So Kieron sort of growls and looks at me funny and says, "You can take that spell of yours down. I have other ways. More reliable ones." And he spins around and walks away, and I realize that he looked really upset, and so I run after him, leaving Sethra sitting on the rock. Continued stupidity. Kieron has that effect on me.
When I finally caught up with him, he was looking more grim than upset. I told him, "I'm sorry if I offended you."
Yes, Drien, I am a Dragon and I am capable of apologizing. We do exist. I've seen YOU apologize to people, so you must know it can be done. He looked at me for a long time and then said, "What is it you see in her? Can't you tell she wants something? She only fights beside us because it suits her purposes for the moment. In a year or two, her purposes might be something else entirely."
There wasn't a lot to say to that, so I finally settled for, "No. I think she wants the same things we do."
"What do you think she wants?"
"Peace and stability," I told him. "Between all twenty tribes. And the Easterners."
Kieron's face sort of clouded over at that. "There can be no peace with the Easterners," he said. "Unless it is the peace of conquest. I don't trust Sethra, is all. She's up to something. She plots to take Zerika's place, perhaps."
"Why would she want it? Right now she gets the best of both ways. She has Zerika's ear, which is a lot of power, but she doesn't have to make the decisions herself, only hand out advice."
"I don't know," Kieron said. "But - Be careful, Dolivar. Be on your guard. Don't let her snare you in her web."
So I hugged him. Shut up, Drien, I do that sometimes. I mean, despite his being an annoying prig with a giant sword, he's my brother, and I love him even though I don't like him. And he hugged back, sort of. And he said "Take care" again, and then he clanked off.
When I got back to the boulder Sethra was fiddling with that funny blue dagger of hers and looking extremely pleased. "What's so funny?" I asked her.
"Just that something I was hoping would happen did," she said, and refused to say more. We did finish the blackberries eventually, and I even found my shirt the next morning.
The next three days I didn't see her at all. She was off somewhere with Zerika, plotting and doing strange magical things. Finally, on the afternoon of the third day, they called me into the workshop. Have you ever been inside it? Well, then, you know how weird it looks. I still havn't figured out what the thing with the brass rings and the marble balls is for. Sethra calls it an orrery, which doesn't help me at all. They'd drawn the shades and were standing together next to a table with a number of little bottles on it and a big chalk circle.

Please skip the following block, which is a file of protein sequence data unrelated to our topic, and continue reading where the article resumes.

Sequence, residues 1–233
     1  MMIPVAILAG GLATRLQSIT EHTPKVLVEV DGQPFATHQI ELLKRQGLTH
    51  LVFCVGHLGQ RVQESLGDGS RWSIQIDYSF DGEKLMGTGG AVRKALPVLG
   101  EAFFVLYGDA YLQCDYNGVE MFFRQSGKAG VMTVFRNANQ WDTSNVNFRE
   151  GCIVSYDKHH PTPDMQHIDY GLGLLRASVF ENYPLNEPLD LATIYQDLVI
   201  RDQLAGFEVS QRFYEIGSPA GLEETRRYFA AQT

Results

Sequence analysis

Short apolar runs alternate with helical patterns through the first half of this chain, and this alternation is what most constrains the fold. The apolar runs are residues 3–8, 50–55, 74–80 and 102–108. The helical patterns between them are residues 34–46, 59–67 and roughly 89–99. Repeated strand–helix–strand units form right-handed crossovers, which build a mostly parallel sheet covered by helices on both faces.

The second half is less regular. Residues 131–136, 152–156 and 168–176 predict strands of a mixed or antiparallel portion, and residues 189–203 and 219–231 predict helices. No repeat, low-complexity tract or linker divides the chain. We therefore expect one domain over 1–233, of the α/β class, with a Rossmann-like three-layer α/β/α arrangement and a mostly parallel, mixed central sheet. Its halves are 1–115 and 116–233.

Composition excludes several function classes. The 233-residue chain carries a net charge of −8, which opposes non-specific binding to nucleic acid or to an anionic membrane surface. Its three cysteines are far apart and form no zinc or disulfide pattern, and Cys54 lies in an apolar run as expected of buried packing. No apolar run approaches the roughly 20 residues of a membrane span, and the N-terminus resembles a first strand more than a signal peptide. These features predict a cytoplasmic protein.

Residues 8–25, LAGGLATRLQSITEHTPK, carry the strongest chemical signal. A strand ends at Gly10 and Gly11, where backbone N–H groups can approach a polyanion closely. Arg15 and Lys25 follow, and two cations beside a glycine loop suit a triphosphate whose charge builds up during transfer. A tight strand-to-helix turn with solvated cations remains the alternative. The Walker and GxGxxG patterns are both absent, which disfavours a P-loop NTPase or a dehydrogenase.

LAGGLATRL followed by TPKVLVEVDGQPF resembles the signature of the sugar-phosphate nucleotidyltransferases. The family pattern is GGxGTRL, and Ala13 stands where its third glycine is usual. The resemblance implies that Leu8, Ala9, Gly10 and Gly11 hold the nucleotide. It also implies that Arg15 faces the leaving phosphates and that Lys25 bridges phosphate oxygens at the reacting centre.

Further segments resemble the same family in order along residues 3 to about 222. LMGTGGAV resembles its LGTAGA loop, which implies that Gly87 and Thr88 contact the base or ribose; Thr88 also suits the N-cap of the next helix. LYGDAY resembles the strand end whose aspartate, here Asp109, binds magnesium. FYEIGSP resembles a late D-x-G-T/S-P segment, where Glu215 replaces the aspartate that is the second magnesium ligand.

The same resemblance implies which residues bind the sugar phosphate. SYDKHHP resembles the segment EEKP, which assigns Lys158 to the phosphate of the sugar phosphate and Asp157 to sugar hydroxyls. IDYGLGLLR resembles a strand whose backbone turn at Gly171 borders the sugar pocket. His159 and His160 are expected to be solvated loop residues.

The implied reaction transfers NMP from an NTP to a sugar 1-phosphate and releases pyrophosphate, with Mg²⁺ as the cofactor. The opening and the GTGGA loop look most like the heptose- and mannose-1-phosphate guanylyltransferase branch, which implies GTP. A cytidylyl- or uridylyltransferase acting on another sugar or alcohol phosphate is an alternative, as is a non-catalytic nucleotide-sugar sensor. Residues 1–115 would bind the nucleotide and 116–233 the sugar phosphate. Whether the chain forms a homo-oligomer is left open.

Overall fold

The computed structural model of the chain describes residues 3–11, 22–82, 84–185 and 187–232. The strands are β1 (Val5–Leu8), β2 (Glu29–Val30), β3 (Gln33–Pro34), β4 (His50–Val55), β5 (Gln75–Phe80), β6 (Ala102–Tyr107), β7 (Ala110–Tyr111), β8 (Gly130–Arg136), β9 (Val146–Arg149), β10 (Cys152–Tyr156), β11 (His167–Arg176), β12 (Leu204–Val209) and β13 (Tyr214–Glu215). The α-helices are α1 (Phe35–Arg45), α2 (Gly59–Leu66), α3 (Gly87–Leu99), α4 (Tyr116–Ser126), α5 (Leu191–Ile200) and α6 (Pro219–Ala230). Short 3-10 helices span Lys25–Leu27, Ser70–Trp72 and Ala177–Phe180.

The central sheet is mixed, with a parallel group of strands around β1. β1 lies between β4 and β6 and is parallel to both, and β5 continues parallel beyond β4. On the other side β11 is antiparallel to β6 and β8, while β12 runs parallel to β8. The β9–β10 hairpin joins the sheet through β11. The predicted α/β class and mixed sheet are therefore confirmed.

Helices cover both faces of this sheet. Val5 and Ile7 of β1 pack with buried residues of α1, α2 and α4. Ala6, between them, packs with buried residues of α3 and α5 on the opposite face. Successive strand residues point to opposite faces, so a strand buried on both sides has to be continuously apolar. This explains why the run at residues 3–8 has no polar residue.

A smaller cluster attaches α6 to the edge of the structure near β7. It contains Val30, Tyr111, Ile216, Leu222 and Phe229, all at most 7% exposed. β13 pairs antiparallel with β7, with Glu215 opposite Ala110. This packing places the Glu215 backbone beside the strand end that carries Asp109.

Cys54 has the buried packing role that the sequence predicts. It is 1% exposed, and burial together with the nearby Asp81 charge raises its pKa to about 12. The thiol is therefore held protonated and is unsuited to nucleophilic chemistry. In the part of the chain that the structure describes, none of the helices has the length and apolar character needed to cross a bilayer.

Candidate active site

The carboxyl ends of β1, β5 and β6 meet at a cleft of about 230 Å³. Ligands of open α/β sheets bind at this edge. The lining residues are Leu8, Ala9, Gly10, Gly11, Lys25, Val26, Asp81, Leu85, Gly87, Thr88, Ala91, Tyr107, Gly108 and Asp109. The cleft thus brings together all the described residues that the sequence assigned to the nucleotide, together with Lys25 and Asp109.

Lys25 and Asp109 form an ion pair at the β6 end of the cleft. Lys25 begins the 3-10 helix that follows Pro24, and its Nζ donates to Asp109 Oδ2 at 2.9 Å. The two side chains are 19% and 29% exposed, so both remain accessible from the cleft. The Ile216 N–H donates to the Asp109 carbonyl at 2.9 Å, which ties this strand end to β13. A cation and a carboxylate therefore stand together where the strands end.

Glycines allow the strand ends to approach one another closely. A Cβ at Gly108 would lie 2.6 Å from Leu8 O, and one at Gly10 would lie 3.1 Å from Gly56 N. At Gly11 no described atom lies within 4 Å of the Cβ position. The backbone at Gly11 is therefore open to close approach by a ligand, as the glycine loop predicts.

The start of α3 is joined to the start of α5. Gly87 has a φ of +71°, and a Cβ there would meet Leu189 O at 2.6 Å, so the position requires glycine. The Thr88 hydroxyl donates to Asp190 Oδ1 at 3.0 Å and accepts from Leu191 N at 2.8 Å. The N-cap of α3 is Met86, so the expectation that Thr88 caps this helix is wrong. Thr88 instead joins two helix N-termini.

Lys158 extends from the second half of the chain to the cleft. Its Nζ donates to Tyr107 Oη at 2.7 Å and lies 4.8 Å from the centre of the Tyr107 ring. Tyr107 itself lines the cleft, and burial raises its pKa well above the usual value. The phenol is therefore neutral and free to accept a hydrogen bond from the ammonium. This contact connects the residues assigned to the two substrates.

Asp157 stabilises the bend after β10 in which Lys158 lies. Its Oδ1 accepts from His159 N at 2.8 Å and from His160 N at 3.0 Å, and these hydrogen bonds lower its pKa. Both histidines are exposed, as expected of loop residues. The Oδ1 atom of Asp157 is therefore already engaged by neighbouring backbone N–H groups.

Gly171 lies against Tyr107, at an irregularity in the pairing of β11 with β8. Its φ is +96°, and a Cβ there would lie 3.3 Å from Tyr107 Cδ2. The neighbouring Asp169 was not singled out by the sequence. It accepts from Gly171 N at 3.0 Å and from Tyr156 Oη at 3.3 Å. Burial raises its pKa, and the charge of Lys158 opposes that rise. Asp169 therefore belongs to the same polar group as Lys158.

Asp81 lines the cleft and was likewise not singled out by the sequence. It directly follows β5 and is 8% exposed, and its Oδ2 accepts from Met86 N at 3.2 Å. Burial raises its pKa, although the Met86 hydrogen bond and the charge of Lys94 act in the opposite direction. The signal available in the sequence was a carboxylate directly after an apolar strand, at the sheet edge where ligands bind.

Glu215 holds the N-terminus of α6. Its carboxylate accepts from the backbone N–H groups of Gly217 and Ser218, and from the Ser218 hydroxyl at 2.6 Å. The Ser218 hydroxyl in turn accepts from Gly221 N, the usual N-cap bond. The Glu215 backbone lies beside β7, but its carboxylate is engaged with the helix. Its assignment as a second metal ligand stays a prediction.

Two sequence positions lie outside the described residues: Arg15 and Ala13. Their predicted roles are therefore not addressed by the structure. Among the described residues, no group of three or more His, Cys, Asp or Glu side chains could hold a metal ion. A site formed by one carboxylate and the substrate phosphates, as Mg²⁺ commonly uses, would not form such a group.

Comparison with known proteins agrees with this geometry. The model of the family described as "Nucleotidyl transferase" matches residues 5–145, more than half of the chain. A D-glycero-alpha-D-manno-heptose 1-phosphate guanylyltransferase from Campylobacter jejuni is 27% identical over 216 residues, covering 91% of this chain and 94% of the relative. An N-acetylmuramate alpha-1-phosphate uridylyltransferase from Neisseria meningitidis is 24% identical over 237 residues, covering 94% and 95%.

Sethra told me, "Dolivar, we need you to do something for us."
"Whatever you need, within reason," I told Sethra.
"Remember the time you saw the Sea of Chaos?" My throat went a little dry. I had passed by there on my way back from the East, but I hadn't liked the area at all. It felt like the sea was calling out to me - trying to pull me in, make me part of it - I couldn't really say. It wanted to be my friend. But I didn't like thinking of it like that. I nodded.
"We need you," Sethra said, "to remember it as hard as you can. Not the surroundings - the sea. It tried to make contact with you, didn't it?"
What could I do but tell them the truth? "Yes. It did."
"Then you still have a bit of it in you. A link to it. It only likes people from your family, you know." Sethra smiled. "Think about it. Bring that link to the front of your mind." And she reached out and touched my temples, and I remembered as hard as I could.
You're a Shaman, so maybe you could have told me what happened next, if you'd been there. I certainly couldn't. It seemed like there was a twisting sensation, and the whole room turned several directions all at once, and when I opened my eyes again I was seeing double and the air smelled purple and in the middle of the chalk circle was this sphere of something blueish. Zerika looked happy. Sethra just looked smug.
"Thank you," she said, and reached over and picked up the blue thing and smiled at it. "You can stay if you like, but I'm afraid we're about to have a discussion about why that worked when nothing else did that can hardly fail to confuse you."